Harris, Elizabeth J. (2012) Sleeping Next to My Coffin: Representations of the Body in Theravada Buddhism. Buddhist Studies Review, 29 (1). pp. 105-120. ISSN 0265-2897Full text not available from this repository. (Request a copy)
Theravāda Buddhism can be stereotyped as having a negative view of the body. This paper argues that this stereotype is a distortion. Recognizing that representations of the body in Theravāda text and tradition are plural, the paper draws on the Sutta Piṭaka of the Pāli texts and the Visuddhimagga, together with interviews with lay Buddhists in Sri Lanka, to argue that an internally consistent and meaningful picture can be reached, suitable particularly to those teaching Buddhism, if these representations are categorised under three headings and differentiated according to function: the body as problem (to be seen and transcended); the body as teacher (to be observed and learnt from); the liberated body (to be developed). It also examines two realizations that accompany the development of a liberated body: realizing purity of body in meditation; realizing compassion. It concludes that compassion for self all embodied beings is the most truly Theravāda Buddhist response to embodiment, not pride or fear, disgust or repression.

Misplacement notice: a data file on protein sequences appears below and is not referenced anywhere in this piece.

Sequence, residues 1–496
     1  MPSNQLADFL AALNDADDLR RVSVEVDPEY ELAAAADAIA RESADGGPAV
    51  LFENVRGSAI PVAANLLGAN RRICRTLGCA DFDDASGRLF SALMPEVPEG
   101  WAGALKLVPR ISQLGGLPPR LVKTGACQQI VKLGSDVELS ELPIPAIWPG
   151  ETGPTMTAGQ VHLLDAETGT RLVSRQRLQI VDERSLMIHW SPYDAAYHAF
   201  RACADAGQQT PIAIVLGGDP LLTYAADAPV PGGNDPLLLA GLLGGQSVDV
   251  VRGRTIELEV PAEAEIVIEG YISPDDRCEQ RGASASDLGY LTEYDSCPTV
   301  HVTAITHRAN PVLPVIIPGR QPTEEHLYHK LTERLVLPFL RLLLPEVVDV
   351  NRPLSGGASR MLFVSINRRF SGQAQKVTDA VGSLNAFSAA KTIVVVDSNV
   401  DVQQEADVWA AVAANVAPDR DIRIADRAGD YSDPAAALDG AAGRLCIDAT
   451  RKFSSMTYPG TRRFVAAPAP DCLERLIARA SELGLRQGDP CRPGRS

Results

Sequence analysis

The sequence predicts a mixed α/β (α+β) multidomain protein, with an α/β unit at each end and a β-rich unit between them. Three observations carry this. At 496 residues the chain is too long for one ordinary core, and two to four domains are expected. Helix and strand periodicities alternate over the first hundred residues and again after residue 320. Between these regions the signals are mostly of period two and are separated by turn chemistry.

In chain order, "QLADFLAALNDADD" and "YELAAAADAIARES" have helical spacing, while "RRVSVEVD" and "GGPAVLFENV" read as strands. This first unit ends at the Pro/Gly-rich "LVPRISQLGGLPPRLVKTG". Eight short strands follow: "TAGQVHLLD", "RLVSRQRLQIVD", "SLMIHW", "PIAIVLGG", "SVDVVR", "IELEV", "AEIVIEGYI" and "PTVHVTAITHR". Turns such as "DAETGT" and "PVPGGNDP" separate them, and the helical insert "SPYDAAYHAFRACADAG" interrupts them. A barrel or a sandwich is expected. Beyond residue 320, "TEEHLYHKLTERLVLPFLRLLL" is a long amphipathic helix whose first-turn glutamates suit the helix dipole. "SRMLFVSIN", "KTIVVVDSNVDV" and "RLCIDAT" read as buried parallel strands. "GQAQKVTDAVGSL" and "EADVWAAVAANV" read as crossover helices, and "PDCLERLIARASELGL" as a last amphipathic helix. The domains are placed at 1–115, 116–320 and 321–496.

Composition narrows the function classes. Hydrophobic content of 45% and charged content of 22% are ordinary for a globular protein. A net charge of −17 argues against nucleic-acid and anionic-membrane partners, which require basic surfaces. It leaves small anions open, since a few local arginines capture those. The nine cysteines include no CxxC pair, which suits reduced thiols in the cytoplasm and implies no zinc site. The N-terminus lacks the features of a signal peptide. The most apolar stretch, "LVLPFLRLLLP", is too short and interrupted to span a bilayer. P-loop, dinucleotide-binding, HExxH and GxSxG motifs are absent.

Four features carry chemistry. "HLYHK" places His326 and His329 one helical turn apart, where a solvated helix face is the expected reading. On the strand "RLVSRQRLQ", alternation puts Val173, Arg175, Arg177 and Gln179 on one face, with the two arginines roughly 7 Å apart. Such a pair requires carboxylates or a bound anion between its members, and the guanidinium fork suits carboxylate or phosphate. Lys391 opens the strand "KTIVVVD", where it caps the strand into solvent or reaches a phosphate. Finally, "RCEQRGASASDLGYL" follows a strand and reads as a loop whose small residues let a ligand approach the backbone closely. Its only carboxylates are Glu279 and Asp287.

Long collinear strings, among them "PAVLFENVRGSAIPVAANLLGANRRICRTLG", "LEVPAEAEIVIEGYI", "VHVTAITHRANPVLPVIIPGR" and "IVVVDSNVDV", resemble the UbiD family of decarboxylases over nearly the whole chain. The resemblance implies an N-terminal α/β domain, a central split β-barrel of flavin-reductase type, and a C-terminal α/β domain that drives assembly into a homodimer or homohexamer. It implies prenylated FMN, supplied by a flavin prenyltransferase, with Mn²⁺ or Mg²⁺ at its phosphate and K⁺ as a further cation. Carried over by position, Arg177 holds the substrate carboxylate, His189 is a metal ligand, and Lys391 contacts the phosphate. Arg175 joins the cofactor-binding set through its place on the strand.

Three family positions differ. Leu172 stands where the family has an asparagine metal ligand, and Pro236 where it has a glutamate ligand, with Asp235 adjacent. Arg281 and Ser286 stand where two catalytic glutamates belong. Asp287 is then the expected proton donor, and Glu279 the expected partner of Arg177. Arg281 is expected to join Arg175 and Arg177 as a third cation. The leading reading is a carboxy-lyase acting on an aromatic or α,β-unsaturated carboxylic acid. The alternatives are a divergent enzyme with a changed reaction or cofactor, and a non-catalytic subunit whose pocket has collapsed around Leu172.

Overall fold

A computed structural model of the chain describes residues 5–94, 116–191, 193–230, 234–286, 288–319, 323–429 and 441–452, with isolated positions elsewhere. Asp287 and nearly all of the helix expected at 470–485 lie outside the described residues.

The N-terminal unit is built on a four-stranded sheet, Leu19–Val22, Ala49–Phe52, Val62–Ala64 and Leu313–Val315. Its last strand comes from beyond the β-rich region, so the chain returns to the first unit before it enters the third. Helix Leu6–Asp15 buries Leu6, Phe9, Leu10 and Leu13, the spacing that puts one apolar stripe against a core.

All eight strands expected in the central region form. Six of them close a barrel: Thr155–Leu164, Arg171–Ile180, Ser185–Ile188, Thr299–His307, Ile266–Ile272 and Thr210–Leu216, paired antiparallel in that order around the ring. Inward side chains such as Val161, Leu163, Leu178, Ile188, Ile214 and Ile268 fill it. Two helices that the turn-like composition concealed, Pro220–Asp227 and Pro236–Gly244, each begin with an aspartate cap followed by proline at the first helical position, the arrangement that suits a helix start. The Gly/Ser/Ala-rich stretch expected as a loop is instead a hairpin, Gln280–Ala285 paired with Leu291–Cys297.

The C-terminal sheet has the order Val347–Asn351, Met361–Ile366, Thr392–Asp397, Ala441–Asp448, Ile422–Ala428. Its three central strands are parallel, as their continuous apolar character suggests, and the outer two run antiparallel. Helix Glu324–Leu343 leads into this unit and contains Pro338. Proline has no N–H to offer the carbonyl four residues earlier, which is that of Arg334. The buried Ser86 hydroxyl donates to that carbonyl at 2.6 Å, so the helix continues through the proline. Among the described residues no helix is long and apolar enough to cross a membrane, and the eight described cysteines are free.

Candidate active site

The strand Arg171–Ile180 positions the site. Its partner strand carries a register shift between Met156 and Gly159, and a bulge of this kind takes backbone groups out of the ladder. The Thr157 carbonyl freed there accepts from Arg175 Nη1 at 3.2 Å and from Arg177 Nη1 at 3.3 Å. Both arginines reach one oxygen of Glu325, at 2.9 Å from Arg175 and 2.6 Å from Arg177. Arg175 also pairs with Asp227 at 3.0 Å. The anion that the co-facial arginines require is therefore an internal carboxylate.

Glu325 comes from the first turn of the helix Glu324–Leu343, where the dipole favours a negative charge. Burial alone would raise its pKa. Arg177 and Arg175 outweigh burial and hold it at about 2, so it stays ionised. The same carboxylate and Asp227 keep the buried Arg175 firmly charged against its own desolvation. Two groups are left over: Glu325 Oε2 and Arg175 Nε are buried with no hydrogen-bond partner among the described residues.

|Subjects:||B Philosophy. Psychology. Religion > BQ Buddhism|
|Faculty / Department:||Faculty of Arts & Humanities > Theology, Philosophy and Religion|
|Depositing User:||Susan Murray|
|Date Deposited:||06 Mar 2014 10:09|
|Last Modified:||06 Mar 2014 10:09|
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